There was sharp disagreement among participants in at least one panel at a forum on the future of housing sponsored by the National Association of Home Builders (NAHB) and produced by CQ Roll Call.  Fellow panelists agreed while that the private sector needs to play a greater role in mortgage financing maintaining some level of federal support is essential. 

Peter Wallison of the American Enterprise Institute said lowering the conforming loan limits of government sponsored enterprises (GSEs) Fannie Mae and Freddie Mac over time will allow the private sector to come in and pick up that business.  "If you simply made those changes and authorized the withdrawal of the GSEs, you would find we would gradually move to a completely private system, which is where I think we should be going," he said.

 Michael Calhoun, president of the Center for Responsible Lending retorted that "Private capital by itself will not secure a safe market and most importantly, private capital during a down market is least likely to be there."  Georgetown University Law Professor Adam Levitan concurred, saying private money dries up when the going gets tough.

Michael Stegman, counselor to the Secretary of the Treasury for Housing Finance Policy told the audience "We know how much more serious the [housing and economic] crisis would have been without the FHA stepping up."

Another panel on tax reform drew broad general agreement that the mortgage interest deduction (MID) plays a key role in shaping housing demand, while differing in their evaluation of current policy.  NAHB economist Robert Dietz quoted the Tax Foundation that repealing the MID and lowering marginal tax rates would cause the GDP to decline by $100 billion annually.  It would also cause home values to fall. 

Anthony Randazzo, director of economic research at the Reason Foundation, said he opposes the mortgage interest deduction and believes that tax policy should not be set to achieve social purposes.   "Do we want to support middle class or low-income home owners? Then let's just provide an explicit subsidy to people we want to, and then find a middle ground," he said.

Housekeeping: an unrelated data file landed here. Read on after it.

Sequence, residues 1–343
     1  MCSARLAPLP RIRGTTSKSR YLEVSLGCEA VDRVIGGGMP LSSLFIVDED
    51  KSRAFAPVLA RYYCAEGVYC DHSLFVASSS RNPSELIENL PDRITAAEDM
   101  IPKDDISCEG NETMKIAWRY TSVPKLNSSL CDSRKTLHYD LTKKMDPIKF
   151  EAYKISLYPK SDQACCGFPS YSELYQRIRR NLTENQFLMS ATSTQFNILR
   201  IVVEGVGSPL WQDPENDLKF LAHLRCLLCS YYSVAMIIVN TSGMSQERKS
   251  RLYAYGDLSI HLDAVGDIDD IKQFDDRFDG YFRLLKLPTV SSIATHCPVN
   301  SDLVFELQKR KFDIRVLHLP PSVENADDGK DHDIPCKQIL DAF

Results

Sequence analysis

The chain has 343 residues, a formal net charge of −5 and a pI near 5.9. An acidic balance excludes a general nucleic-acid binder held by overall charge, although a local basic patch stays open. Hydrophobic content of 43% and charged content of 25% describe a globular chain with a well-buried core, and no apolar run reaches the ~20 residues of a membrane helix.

Dr. John Weicher, a director of the Hudson Institute's Center for Housing and Financial Markets, rejected the idea that the mortgage interest deduction is a tax distortion.  "Keep in mind if you are a home owner you have an asset and consumption," he said. "You are a landlord renting to yourself. It is silly to think of this as simply a consumption when it is the biggest investment that nearly anyone is going to make."

The forum was keynoted by two of the ten co-sponsors signed on to S 1217, the Housing Finance Reform and Taxpayer Protection Act of 2013; the Corker-Warner bill.  Co-sponsors Jon Tester (D-MT), Bob Corker (R-TN) were joined by Johnny Isakson (R-GA), a member of the committee studying tax reform

Tester said the senators had worked hard to make sure the 30-year, fixed-rate mortgage remains a viable option.  "This is something consumers want and expect. I don't think we could have a viable 30-year note in a purely private market."

Corker who, along with Mark Warner (D-VA) filed S 1217, said he thought the 10 senators who had weighed in on the bill had made a difference.  "I think we have struck a very good balance. The 10 percent capital piece is a very, very important element. Another component that was very important was having a federal backstop."  As the process moves forward he expects to see improvements to his bill as well as changes to a housing finance proposal pending in the House.

In terms of tax reform, Sen. Isakson said the Senate Finance Committee is prepared to move forward if it gets "the opportunity."   Every provision in the tax code, he said, including the mortgage interest deduction and Low Income Housing Tax Credit, must be justified in terms of "what they produce for the country. If you can't make a case for your tax provision, it should not be in there."

"I can make a great case for the preservation of the mortgage interest deduction and I can make a phenomenal case for low and moderate income housing tax credits in terms of the payback to the country, but those arguments have to be won and lost when you are truly doing a major reform," the former real estate broker said. 

Another speaker at the forum, Eric Belsky, managing director of the Joint Center of Housing Studies at Harvard University said the housing downturn had led to a remarkable slowdown in household growth.  "There is not a strong recovery in household formations, but we are seeing signs of that happening. People don't want to live with their parents into their 30s; they are doing it out of economic necessity."

The future of homeownership looks bright, he said.  "Nineteen out of 20 people say they plan on buying a home somewhere in the future if they are under the age of 45.  You can lock in housing payments with a fixed rate mortgage today or look at higher rents in the future. A lot of people will look at that calculation and say 'I think it is time to buy a home.'"